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Open access

Natassia Rodrigo and Samantha Hocking

Summary

This case illustrates the exceedingly rare phenomenon of transient diabetes insipidus, in association with pre-eclampsia, occurring in the post-partum period following an in vitro fertilisation pregnancy, in an otherwise well 48-year-old lady. Diabetes insipidus can manifest during pregnancy, induced by increased vasopressinase activity secreted by placental trophoblasts and usually manifests in the third trimester. This presentation elucidates not only the intricate balance between the physiology of pregnancy and hormonal homeostasis, but also the importance of post-partum care as the physiological changes of pregnancy still hold pathological potential in the weeks immediately following delivery.

Learning points:

  • Diabetes insipidus (DI) is a rare complication of pregnancy occurring in 1 in 30 000 pregnancies.

  • It is associated with excessive vasopressinase activity, secreted by placental trophoblasts, which increases the rate of degradation of anti-diuretic hormone.

  • It is responsive to synthetic desmopressin 1-deanimo-8-d-arginine vasopressin as this form is not degraded by placental vasopressinase.

  • Vasopressinase is proportional to placental weight, which is increased in pregnancies conceived with assisted reproductive techniques including in vitro fertilisation.

  • Vasopressinase-induced DI is associated with pre-eclampsia.

Open access

Lourdes Balcázar-Hernández, Guadalupe Vargas-Ortega, Yelitza Valverde-García, Victoria Mendoza-Zubieta and Baldomero González-Virla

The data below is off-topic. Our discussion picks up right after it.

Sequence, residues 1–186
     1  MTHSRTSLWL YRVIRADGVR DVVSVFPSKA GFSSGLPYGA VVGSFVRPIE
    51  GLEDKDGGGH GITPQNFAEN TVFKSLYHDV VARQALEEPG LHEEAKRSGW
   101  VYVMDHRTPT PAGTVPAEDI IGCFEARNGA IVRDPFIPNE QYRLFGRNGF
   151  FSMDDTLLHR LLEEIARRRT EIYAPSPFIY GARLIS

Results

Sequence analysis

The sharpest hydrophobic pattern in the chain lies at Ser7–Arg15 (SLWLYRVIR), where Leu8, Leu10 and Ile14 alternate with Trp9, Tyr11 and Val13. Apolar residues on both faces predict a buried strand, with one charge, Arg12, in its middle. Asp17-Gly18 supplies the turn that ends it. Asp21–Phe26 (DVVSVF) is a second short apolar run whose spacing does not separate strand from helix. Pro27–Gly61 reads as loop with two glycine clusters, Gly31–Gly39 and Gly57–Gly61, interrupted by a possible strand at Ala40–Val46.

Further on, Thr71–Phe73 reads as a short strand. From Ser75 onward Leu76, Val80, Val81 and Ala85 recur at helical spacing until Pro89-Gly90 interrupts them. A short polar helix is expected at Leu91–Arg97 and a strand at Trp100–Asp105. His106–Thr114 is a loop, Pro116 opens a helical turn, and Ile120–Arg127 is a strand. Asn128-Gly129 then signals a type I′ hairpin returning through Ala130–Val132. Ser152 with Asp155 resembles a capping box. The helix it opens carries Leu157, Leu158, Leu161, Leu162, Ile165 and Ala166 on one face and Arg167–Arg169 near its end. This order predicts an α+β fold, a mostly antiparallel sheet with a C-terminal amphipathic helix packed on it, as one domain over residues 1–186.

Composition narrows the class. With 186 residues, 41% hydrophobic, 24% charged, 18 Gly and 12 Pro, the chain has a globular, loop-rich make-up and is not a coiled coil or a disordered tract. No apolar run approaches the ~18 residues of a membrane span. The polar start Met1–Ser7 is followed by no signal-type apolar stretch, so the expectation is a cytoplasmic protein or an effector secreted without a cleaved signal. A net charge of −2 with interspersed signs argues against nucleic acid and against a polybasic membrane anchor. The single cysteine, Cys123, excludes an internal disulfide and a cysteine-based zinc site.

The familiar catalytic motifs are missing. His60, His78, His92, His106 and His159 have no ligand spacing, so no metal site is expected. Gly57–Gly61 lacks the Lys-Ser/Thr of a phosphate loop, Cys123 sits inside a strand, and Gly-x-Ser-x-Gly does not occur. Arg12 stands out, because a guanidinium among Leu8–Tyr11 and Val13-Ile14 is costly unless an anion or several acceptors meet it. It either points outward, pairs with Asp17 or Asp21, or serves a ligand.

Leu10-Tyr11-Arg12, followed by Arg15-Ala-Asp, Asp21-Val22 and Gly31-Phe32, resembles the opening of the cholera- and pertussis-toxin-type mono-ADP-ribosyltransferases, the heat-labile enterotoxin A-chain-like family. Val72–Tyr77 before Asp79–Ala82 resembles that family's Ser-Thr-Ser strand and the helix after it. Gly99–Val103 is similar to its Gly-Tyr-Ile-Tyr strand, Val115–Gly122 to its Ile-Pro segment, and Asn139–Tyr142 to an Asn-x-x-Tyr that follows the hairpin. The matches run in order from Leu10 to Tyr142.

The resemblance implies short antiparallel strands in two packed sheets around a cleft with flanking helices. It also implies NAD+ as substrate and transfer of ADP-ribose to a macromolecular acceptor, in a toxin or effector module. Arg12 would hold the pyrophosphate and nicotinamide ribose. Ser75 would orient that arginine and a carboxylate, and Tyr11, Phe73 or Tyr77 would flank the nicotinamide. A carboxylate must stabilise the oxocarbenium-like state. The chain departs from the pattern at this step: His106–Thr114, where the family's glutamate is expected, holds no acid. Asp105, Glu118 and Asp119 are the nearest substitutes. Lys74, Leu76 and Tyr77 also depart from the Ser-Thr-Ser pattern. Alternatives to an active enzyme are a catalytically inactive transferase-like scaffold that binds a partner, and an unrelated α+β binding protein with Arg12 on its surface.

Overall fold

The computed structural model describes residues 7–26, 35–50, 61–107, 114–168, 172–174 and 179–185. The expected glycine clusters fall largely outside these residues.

Summary

The craniopharyngiomas are solid cystic suprasellar tumors that can present extension to adjacent structures, conditioning pituitary and hypothalamic dysfunction. Within hypothalamic neuroendocrine dysfunction, we can find obesity, behavioral changes, disturbed circadian rhythm and sleep irregularities, imbalances in the regulation of body temperature, thirst, heart rate and/or blood pressure and alterations in dietary intake (like anorexia). We present a rare case of anorexia–cachexia syndrome like a manifestation of neuroendocrine dysfunction in a patient with a papillary craniopharyngioma. Anorexia–cachexia syndrome is a complex metabolic process associated with underlying illness and characterized by loss of muscle with or without loss of fat mass and can occur in a number of diseases like cancer neoplasm, non-cancer neoplasm, chronic disease or immunodeficiency states like HIV/AIDS. The role of cytokines and anorexigenic and orexigenic peptides are important in the etiology. The anorexia–cachexia syndrome is a clinical entity rarely described in the literature and it leads to important function limitation, comorbidities and worsening prognosis.

Learning points:

  • Suprasellar lesions can result in pituitary and hypothalamic dysfunction.

  • The hypothalamic neuroendocrine dysfunction is commonly related with obesity, behavioral changes, disturbed circadian rhythm and sleep irregularities, but rarely with anorexia–cachexia.

  • Anorexia–cachexia syndrome is a metabolic process associated with loss of muscle, with or without loss of fat mass, in a patient with neoplasm, chronic disease or immunodeficiency states.

  • Anorexia–cachexia syndrome results in important function limitation, comorbidities that influence negatively on treatment, progressive clinical deterioration and bad prognosis that can lead the patient to death.

  • Anorexia–cachexia syndrome should be suspected in patients with emaciation and hypothalamic lesions.